community-based organization to enter into a contract, to expand 
opportunities under this priority and facilitate administration of 
Telework, with commercial lending institutions or organizations or 
State financing agencies.

    During the first 12-month budget period, a grantee must enter into 
the contract with a CBO and ensure that the CBO has entered into the 
contract with the commercial lending institutions or organizations or 
State financing agencies.

Applicability of Education Department General Administrative 
Regulations (EDGAR) to AFP and Telework

    In general, EDGAR applies to these two grants except to the extent 
it is inconsistent with the purpose and intent of title III of the AT 
Act, section 303(b) of the Rehab Act, or the requirements in this 
notice. Specifically, grantees are exempt from section 80.21(i) 
regarding interest earned on advances and the addition method in 
section 80.25(g)(2) applies to program income rather than the deduction 
method in section 80.25(g)(1). Also, sections 75.560-75.564 do not 
apply to the extent that these sections of EDGAR are inconsistent with 
the AFP and Telework requirement that indirect costs cannot exceed 10 
percent. Finally, section 75.125, which requires applicants to submit a 
separate application for each program, does not apply to this 
competition.

Changes in NIDRR's and RSA's Application Processes for AFP and Telework 
Awards

    Based upon public comments made in response to the earlier Federal 
Register notices for the AFP and Telework, NIDRR and RSA are planning 
on making changes to the application process for the grant awards. 
These revised application procedures will assist applicants to prepare 
fundable proposals, simplify the information that is required in the 
application, and streamline the application review process. NIDRR and 
RSA expect to fund all applications that meet the requirements set 
forth in the proposed priorities.
    In order to promote fundable applications, NIDRR and RSA will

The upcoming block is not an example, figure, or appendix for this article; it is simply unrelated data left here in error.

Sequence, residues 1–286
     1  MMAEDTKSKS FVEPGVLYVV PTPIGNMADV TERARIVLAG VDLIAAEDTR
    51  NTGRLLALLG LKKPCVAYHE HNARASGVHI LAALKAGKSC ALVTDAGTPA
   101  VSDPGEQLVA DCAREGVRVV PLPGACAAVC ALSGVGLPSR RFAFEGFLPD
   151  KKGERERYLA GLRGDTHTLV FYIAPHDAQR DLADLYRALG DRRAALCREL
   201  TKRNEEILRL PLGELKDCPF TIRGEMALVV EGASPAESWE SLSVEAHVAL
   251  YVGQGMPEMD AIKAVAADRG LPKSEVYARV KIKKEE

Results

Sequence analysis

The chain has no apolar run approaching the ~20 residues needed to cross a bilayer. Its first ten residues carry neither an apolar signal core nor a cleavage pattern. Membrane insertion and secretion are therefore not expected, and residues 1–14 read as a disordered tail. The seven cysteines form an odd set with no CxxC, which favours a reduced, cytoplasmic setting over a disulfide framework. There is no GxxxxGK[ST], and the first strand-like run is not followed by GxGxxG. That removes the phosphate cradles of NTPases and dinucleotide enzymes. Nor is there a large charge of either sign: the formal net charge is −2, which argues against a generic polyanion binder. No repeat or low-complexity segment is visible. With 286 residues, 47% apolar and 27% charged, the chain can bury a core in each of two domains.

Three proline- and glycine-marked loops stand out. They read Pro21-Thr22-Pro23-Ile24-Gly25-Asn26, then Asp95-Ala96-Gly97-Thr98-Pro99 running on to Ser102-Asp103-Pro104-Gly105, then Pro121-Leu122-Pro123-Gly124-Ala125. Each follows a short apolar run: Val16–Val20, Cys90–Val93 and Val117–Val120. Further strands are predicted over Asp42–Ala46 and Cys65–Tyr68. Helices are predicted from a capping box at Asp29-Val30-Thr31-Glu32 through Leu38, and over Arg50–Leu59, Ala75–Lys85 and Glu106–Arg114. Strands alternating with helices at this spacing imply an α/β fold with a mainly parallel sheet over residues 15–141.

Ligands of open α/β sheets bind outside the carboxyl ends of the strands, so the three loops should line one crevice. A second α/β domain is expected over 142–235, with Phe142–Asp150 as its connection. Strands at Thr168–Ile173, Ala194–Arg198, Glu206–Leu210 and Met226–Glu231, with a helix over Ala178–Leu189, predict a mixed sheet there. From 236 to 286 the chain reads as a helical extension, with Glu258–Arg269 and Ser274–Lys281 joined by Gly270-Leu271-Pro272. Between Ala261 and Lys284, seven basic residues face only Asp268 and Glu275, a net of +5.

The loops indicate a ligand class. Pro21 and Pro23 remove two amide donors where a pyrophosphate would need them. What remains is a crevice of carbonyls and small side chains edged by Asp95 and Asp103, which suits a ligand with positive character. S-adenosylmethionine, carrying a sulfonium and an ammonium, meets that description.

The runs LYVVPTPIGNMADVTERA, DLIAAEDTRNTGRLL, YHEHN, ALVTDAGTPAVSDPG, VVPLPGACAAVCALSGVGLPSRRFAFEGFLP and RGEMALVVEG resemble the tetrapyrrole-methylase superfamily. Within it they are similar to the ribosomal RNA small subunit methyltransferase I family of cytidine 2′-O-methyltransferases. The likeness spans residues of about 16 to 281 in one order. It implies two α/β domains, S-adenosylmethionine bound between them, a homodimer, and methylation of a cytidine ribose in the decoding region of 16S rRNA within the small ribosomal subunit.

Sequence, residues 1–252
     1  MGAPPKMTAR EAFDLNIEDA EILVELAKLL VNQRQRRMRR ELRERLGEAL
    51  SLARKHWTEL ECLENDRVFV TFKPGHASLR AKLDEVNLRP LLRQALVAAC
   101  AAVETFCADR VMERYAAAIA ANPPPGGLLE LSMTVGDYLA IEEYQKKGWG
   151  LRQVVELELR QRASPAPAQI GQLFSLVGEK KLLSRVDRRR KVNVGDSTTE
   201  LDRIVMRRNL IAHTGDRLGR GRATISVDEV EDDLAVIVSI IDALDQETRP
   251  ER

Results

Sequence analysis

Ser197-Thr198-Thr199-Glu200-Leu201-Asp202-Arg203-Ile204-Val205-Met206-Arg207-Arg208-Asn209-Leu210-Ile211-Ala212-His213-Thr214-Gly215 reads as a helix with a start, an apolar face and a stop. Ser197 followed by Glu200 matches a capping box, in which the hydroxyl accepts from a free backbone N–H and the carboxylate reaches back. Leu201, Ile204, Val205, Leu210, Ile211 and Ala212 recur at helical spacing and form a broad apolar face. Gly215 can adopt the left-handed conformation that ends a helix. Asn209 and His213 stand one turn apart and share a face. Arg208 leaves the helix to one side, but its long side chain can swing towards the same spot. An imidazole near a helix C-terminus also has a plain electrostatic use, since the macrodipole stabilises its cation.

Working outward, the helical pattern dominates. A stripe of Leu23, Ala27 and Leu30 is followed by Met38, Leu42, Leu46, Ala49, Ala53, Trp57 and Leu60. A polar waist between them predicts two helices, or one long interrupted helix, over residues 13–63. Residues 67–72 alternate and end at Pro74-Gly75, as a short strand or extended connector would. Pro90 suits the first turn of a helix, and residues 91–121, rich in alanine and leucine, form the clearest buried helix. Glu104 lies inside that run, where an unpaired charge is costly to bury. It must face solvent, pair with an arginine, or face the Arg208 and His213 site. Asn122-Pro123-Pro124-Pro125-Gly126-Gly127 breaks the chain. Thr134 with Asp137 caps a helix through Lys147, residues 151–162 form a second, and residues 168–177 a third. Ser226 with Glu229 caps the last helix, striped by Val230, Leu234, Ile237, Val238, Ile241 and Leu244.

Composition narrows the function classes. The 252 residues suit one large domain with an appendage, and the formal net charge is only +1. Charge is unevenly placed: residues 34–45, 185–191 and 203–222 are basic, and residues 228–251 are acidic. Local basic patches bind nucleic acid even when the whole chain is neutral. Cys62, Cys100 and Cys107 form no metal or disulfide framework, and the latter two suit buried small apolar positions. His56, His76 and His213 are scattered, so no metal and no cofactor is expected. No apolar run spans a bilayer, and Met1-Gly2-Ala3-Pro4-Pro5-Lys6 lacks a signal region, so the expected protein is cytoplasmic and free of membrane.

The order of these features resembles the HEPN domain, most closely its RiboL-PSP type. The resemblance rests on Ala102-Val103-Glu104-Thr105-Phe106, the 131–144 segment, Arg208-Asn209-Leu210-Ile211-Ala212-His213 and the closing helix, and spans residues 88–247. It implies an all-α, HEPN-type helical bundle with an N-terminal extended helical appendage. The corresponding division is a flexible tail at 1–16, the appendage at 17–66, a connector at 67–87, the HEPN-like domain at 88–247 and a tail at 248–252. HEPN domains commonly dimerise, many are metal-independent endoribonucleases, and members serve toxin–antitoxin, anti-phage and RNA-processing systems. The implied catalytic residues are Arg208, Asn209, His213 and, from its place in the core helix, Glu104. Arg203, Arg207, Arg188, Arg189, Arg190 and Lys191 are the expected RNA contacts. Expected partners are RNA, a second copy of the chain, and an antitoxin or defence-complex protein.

provide applicants with technical assistance on their proposals 
beginning with the publication of this notice and up until the deadline 
for submission of applications. Prior to the application deadline, 
NIDRR and RSA will answer questions, review draft proposals, and 
provide applicants with feedback in order to assist them to submit a 
fundable application. In addition, NIDRR's AFP Technical Assistance 
project will provide assistance to all entities that are interested in 
applying for an AFP or Telework award.
    The application process will be simplified by requiring applicants 
to submit a number of assurances, and a limited amount of information 
related to those assurances. NIDRR and RSA will not require applicants 
to provide details in their applications concerning the policies and 
procedures they will use to administer their AFP or Telework grant. 
These policies and procedures will be submitted by grantees to NIDRR or 
RSA within the first year of the grant.
    NIDRR and RSA will use an internal application review process to 
determine whether all the necessary assurances and required program 
information have been submitted. This will ensure that the same 
standards that are used to provide applicants with information and 
feedback during the application period will be applied to evaluate 
applications for funding.
    The Notice Inviting Applications that accompanies the final 
priorities will ask

[[Page 46418]]

each applicant to identify the amount of the Federal award for which it 
is applying and can qualify. That amount is based on the amount of 
matching funds to be provided by the applicant. The size of each award 
will depend on the total number of fundable applications that NIDRR and 
RSA receive and the requests for Federal funding that are included in 
those applications.

Electronic Access to This Document

    You may review this document, as well as all other Department of 
Education documents published in the Federal Register, in text or Adobe 
Portable Document Format (PDF) on the Internet at the following site: 
http://frwebgate.access.gpo.gov/cgi-bin/leaving.cgi?from=leavingFR.html&log=linklog&to=http://www.ed.gov/legislation/FedRegister.
    To use PDF you must have Adobe Acrobat Reader, which is available 
free at this site. If you have questions about using PDF, call the U.S. 
Government Printing Office (GPO), toll free, at 1-888-293-6498; or in 
the Washington, DC, area at (202) 512-1530.


    Note:
    The official version of this document is the document published 
in the Federal Register. Free Internet access to the official 
edition of the Federal Register and the Code of Federal Regulations 
is available on GPO access at: http://www.access.gpo.gov/nara/index.html
.

(Catalog of Federal Domestic Assistance Number 84.224C, Alternative 
Financing Program and 84.235T, Access to Telework Fund Program.)

    Program Authority: 29 U.S.C. 773(b) and 29 U.S.C. 3051-3056.

    Dated: July 31, 2003.
Robert H. Pasternack,
Assistant Secretary for Special Education and Rehabilitative Services.
[FR Doc. 03-19844 Filed 8-4-03; 8:45 am]

BILLING CODE 4000-01-P